For Maya Guatemalan women living in the highlands of Santa Cruz La Laguna, education on reproductive health and rights can be an invaluable, yet difficult to access, resource.

A steep hike up the shores of Guatemala’s Lake Atitlan, about a dozen women from Mercado Global’s Grupo Cruceñas cooperative congregated on plastic stools in the cooperative’s President Cristina Hernandez de Sajquiy’s clay yard, where chickens and dogs roamed freely. This marked the first training on reproductive rights offered to the women of Grupo Cruceñas.

Accompanied by Aurora Mátzar López, Mercado Global’s Community-Based Education Training Coordinator, Senayda Mendoza led the training. Mendoza is an instructor from WINGS or ALAS, a Guatemala-based NGO that provides sexual and reproductive healthcare support to rural women that Mercado Global is partnering with this year..

Senayda began the program by taping a poster citing articles from Guatemala’s constitution on a corrugated sheet metal wall.Senayda then proceeded to inform the women present – many of whom were rocking children on their laps and breastfeeding – of the reproductive rights and resources that the Guatemalan law affords them.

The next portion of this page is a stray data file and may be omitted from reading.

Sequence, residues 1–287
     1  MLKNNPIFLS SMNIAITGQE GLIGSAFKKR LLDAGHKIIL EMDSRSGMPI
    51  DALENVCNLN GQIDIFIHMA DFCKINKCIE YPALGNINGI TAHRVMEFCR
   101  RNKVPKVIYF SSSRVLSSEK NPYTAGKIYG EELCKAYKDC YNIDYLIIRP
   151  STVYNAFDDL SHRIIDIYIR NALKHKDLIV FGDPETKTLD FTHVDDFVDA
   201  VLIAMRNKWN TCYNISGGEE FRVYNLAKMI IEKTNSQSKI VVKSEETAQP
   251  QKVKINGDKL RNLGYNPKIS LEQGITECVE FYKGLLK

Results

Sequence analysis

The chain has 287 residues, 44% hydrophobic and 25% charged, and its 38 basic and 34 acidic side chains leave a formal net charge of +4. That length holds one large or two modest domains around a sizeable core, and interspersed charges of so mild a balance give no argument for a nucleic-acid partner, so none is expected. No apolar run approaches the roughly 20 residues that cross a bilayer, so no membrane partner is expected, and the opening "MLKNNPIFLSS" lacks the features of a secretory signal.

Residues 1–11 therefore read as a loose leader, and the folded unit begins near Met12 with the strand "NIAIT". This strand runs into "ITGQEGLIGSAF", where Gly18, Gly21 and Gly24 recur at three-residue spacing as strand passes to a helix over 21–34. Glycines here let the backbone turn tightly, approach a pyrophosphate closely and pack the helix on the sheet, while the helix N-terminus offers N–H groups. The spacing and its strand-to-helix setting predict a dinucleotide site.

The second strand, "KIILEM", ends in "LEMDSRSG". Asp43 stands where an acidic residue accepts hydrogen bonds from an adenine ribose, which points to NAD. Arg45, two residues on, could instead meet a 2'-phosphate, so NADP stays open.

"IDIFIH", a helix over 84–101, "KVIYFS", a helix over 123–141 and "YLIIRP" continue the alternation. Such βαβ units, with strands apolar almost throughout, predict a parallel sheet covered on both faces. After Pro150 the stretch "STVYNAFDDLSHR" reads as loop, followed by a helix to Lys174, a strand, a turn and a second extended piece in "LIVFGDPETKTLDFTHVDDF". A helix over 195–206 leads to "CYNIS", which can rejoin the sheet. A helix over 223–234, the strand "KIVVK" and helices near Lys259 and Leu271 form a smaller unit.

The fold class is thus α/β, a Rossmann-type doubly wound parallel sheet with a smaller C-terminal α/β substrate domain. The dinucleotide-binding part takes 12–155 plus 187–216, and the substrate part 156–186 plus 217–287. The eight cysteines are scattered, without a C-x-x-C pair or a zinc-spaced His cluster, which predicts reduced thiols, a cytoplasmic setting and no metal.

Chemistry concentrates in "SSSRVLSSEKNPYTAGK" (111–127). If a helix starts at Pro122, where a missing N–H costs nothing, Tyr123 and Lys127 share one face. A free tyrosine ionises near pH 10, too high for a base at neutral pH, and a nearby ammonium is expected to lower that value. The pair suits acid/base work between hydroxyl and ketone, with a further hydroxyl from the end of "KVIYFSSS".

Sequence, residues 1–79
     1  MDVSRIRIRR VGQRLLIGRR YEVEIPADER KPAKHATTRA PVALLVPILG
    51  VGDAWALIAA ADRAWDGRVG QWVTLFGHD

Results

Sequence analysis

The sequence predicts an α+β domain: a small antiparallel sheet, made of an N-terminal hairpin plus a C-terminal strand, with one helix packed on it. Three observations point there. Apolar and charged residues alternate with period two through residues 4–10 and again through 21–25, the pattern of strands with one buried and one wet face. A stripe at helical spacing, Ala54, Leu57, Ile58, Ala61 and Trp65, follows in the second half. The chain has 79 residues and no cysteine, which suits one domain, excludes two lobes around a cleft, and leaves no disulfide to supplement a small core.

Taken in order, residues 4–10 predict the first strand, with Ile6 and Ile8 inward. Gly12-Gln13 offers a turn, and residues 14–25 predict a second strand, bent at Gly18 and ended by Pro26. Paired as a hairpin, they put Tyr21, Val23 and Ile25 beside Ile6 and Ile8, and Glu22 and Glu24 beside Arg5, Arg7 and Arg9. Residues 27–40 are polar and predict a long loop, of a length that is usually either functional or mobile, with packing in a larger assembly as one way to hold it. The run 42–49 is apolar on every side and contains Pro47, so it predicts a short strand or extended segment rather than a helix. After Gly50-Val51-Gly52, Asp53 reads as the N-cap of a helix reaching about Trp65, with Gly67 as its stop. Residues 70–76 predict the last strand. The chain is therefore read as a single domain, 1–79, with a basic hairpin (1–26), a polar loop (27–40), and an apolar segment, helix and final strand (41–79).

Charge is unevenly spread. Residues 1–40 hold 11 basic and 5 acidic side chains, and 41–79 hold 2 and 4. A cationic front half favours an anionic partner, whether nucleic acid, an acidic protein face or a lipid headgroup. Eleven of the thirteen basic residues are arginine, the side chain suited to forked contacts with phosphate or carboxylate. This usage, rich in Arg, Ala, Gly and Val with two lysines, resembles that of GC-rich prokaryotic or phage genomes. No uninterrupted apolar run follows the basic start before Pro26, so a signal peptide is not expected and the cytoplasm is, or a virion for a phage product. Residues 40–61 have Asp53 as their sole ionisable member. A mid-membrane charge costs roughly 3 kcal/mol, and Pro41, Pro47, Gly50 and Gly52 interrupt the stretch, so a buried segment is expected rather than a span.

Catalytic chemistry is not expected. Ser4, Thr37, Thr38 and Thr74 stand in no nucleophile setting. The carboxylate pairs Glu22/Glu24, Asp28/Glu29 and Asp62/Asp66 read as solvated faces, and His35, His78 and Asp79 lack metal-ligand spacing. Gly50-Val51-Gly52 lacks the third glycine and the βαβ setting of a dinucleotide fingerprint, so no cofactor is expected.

According to WINGS, Guatemalan women report on average that their ideal number of children would be 2; however, the average number of children the indigenous women give birth to is 3.7. Additionally, WINGS has reported that 1 in 3 indigenous women have no access to health and family planning services.

In a fluid blend of Spanish and Kaqchikel, an indigenous Maya language spoken in the highlands of Guatemala, Senayda informed the women of their right to choose the number and timing of their pregnancies. She also led a conversation about forms of contraception that can help them make these decisions and how to access  family planning resources.

Elena Chiyal Tepaz, a Grupo Cruceñas artisan and the mother of one, shared that she does not wish to have any more children due to financial constraints. Because of this, she said that she found the training on sexual and reproductive rights particularly empowering, as it afforded her the information on how to make this choice.

The reactions of the women to this new material varied from giggles and jokes to quizzical looks and downcast stares. Some women responded readily to Mendoza’s questions and others were wary to answer. Judging by their attentive listening, the women saw the value of the information given and took it to heart. The decision to use or not use the education they received will be up to these women, but either way, the opportunity to make that choice is theirs, and that is powerful.